Dairy farmers urged to trim the fat
Dairy farmers should trim the fat and pay close attention to farm costs this season after Fonterra cut its forecasted milk price yesterday, DairyNZ says.
The industry body is urging farmers to run the ruler over their spending after the expected payout was lowered by $1 a kilogram of milksolids to $6/kg for the 2014-15 season.
Farmers were told the lower milk price meant volatility was part of everyday life and they would have to be conservative when making farm decisions this season.
DairyNZ economists estimate the reduced payout could cut national income by $1.8 billion, with farmers forced to accept an average farm loss of about $150,000.
DairyNZ chief executive Tim Mackle said a $6/kg milk price was for many farmers a break-even payout, meaning little capital expenditure or principal payments would occur this season.
''While it is unclear where prices could be at the end of the season, volatility requires farmers to be prepared to react to changes quickly," Mackle said.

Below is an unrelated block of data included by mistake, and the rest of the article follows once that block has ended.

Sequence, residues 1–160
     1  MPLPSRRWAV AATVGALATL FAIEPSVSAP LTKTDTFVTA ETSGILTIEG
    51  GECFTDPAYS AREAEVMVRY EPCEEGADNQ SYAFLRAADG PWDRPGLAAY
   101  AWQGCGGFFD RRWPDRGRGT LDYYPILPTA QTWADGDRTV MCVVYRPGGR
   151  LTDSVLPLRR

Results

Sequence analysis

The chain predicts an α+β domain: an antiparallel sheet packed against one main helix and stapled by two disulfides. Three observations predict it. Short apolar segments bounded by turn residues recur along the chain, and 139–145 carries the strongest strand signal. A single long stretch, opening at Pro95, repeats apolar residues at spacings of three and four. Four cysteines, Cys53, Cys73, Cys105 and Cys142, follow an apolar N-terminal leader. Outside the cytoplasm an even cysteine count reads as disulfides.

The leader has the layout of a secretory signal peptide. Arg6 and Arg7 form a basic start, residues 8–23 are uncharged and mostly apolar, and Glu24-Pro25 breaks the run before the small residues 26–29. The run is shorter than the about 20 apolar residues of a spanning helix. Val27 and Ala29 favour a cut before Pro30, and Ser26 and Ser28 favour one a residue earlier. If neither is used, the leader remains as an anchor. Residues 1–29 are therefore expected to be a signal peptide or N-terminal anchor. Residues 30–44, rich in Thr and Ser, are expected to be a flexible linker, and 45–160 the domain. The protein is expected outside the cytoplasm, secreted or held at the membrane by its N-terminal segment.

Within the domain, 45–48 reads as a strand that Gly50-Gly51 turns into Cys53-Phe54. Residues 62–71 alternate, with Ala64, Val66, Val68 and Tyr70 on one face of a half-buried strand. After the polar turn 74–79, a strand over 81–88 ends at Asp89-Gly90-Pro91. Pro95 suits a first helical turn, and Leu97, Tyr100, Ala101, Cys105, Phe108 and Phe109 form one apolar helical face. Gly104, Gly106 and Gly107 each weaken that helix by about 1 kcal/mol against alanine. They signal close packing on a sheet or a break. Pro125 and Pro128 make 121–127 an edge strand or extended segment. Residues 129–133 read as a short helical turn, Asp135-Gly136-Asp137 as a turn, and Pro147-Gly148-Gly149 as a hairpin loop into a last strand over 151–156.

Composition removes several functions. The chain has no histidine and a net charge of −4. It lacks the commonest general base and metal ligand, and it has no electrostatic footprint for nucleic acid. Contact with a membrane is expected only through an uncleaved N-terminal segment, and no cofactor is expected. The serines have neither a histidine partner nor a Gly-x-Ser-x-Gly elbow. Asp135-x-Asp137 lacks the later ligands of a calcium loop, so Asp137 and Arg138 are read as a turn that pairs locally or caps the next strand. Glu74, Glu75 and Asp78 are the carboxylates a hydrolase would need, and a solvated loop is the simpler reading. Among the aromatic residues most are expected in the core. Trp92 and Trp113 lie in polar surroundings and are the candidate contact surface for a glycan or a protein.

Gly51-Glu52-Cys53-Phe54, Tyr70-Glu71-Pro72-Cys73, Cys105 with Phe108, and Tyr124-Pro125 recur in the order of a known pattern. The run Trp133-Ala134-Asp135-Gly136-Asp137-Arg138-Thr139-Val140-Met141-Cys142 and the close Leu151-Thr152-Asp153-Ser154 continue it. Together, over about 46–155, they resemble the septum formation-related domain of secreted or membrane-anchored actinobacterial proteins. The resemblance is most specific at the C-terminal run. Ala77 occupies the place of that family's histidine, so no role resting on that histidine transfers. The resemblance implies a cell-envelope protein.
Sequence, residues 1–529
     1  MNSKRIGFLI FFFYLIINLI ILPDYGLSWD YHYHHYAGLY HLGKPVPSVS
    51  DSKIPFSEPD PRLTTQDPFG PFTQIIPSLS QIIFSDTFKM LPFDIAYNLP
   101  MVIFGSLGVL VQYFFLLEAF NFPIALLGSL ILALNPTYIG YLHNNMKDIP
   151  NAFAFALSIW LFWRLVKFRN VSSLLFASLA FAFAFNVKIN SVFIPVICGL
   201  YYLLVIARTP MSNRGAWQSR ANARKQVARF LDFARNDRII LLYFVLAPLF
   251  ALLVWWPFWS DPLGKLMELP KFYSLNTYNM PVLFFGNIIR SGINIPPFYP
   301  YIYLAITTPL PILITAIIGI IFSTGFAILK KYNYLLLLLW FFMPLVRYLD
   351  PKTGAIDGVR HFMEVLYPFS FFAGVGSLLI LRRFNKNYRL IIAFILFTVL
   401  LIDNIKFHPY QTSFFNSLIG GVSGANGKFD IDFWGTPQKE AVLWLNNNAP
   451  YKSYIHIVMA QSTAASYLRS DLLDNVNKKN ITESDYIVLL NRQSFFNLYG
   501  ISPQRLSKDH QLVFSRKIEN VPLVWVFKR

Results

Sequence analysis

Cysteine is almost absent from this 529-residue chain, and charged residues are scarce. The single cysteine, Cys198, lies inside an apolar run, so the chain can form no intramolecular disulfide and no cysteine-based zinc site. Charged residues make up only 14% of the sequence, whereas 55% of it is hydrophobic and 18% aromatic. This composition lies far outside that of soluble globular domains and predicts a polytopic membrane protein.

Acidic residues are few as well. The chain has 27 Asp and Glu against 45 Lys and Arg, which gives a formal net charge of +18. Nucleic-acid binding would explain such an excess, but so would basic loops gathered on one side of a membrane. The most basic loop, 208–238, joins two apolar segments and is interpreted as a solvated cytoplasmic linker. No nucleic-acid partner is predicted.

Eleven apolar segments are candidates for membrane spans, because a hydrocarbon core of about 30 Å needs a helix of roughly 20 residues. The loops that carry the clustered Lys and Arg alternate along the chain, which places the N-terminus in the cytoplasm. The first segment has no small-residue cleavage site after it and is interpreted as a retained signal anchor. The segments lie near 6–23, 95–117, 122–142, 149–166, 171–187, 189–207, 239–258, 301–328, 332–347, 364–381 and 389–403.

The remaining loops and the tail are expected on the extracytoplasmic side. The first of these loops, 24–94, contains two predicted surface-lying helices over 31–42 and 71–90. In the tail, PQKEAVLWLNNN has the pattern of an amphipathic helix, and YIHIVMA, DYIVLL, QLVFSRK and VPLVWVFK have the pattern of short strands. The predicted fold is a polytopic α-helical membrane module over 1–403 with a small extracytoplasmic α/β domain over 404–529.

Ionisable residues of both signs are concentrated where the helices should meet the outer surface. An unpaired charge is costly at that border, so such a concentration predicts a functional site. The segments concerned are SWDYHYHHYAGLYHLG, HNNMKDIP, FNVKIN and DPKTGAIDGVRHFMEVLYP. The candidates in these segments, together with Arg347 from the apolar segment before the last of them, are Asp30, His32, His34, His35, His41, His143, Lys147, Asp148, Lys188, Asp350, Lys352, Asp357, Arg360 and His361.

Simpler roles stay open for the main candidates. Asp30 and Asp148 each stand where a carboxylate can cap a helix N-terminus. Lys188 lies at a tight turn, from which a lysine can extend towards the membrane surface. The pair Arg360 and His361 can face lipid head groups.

"Now is obviously a good time to look at updating or developing a cashflow budget based on a $6 per kgMS milk price.
''Look at where the fat can be trimmed and where efficiency gains can be made, for instance growing and utilising more homegrown feed and looking at where supplementary feed can be reduced.”
Farmers should also look at their contingency plans for a possible dry summer – perhaps culling non-performing cows earlier and going to once-a-day milking faster, rather than resorting to extra supplementary feeding.
With large tax bills looming from last year's record season, farmers should also contact their accountant to recalculate their tax.
Regional impacts of reduced milk price:
The estimated drop in farmer income from a $7/kg milk price to $6/kg.
Northland – $100 million
Waikato – $484m
Bay of Plenty – $126m
Taranaki – $183m
Hawke's Bay – $15m
Manawatu – $82m
Wairarapa/Tararua – $60m
Canterbury – $353m
Otago – $92m
Southland – $218m
New Zealand – $1.825 billion